Zero Alcohol Campaign
Urges every snowmobiler to take personal responsibility for choosing to be 100% alcohol-free prior to going snowmobiling and during any ride.
Vermont Snowmobilers have a choice to make about drinking and riding before venturing out on the trails. A new International Zero Alcohol Campaign urges every snowmobiler to take personal responsibility for choosing to be 100% alcohol-free prior to going snowmobiling and during any ride. This is a peer-to-peer recommendation among riders to ride responsibly and alcohol free - it's your smart choice for safer snowmobiling.
The Vermont Association of Snow Travelers advocates Zero Alcohol prior to going snowmobiling or during any ride.
Even though it is not a legal requirement, adopting the Zero Alcohol position for snowmobiling makes sense for many reasons, with the primary consideration being to reduce fatalities and injuries. Incident data clearly shows that alcohol consumption is a major contributor to a large percentage of snowmobiling tragedies. When combined with other contributing factors such as excessive speed, night riding or riding unfamiliar terrain, alcohol is especially lethal. Simply put, alcohol increases the risks associated with snowmobiling to an unacceptable level.
As an off-road activity, snowmobiling takes place in an unpredictable and uncontrollable natural setting very different from highly regulated, engineered, maintained, uniform and relatively predictable public roads. Consequently, snowmobilers are simultaneously confronted with a greater range and mix of potentially dangerous variables. The unexpected and unfamiliar are far more likely to happen without warning while snowmobiling. At the same time, snowmobiles offer fewer structural and safety features to protect participants, being more like motorcycles than automobiles.
Safe snowmobiling requires that each operator at all times maintain peak vigilance and caution, constant situational awareness, and sharp driving coordination and reaction abilities.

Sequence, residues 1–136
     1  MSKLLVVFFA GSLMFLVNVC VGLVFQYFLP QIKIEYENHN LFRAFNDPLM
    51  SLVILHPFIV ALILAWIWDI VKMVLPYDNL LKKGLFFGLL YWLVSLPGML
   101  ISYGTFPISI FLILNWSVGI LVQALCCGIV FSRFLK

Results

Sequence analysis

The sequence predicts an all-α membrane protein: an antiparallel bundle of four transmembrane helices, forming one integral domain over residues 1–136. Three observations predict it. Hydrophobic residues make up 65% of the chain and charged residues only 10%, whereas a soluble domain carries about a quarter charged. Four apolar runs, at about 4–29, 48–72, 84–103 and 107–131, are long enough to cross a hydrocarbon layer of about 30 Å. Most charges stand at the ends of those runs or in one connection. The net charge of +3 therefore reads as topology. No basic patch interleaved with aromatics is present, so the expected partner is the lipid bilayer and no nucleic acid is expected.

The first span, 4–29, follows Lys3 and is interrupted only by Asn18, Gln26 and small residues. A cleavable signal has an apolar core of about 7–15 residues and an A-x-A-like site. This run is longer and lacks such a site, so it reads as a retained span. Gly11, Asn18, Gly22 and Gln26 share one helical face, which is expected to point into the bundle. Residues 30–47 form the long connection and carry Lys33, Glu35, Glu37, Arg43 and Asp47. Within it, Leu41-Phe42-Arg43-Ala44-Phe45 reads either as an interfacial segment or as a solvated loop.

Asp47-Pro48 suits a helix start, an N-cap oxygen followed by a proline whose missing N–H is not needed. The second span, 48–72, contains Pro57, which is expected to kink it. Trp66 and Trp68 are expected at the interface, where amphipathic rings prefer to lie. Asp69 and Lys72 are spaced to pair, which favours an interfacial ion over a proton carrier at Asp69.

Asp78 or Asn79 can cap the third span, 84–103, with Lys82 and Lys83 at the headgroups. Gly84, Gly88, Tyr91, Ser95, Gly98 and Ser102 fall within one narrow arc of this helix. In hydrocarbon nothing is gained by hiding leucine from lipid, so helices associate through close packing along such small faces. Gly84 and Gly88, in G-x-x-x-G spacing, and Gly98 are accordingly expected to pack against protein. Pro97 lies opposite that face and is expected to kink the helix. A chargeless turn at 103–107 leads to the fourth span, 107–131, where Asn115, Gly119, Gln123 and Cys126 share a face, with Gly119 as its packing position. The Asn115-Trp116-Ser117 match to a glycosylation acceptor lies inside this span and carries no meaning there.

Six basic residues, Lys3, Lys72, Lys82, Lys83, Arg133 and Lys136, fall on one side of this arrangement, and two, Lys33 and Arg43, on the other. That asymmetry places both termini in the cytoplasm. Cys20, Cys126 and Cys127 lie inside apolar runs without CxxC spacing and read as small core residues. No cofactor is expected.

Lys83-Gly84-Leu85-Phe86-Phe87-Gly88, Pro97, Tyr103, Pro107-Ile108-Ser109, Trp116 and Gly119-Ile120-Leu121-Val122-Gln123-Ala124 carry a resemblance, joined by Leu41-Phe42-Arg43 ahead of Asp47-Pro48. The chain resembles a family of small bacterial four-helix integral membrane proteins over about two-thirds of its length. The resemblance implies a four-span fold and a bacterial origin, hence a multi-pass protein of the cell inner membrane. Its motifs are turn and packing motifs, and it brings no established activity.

The onus is squarely on each individual snowmobiler to exercise sound personal judgement and make smart choices in the continuously changing surroundings typical of snowmobiling. Any physical or mental impairment of any of these abilities poses as serious threat to the operator, passenger and to other participants.
Alcohol research clearly shows that at a Blood Alcohol Concentration (BAC) of .08% a person is 11 times more likely to get killed while driving a car than at .00% BAC.
Given that operating a snowmobile is much riskier than driving a car, the Zero Alcohol approach makes sense for safer snowmobiling. Studies also prove that impairment starts with the first drink. Alcohol sneaks up on you. Unlike other beverages and foods, alcohol doesn’t have to be digested. Within minutes, it’s absorbed directly into the bloodstream. Though you may perform more and more poorly, the alcohol makes you feel as if you’re riding better and better. The physiological effects of alcohol consumption dramatically diminish one’s ability to perform multiple tasks or to quickly assimilate multiple stimuli, as required when operating a snowmobile. Since even small amounts of alcohol affects different people in unpredictable and uncontrollable ways and at varying rates, one sure way to reduce fatalities and injuries is not to take any chances…always ride at .00% BAC – Zero Alcohol.
Snowmobiling is increasingly vulnerable to external criticism and opposition. Alcohol is one Achilles’ Heel on which the snowmobiling community can take positive international action with measurable results: Zero Alcohol is a good news story that will help change public perception of snowmobiling and increase good will among media, government and non-snowmobilers. A strong Zero Alcohol stance is also an excellent risk management strategy that will help protect our overall insurability and reduce liability. Within the context of the Go Snowmobiling Campaign, Zero Alcohol also promises to be a positive factor in recruiting new participants. With Zero Alcohol, the snowmobiling community takes a strong and unequivocal stand to sustain organized snowmobiling. United behind Zero Alcohol, we can save lives and benefit significantly from making snowmobiling even safer. Zero Alcohol is a reasoned, rational approach in line with current societal thinking and with our own long held positioning that snowmobiling is a safe, family-oriented activity. Zero Alcohol is the right banner for organized snowmobiling to carry into the 21st century.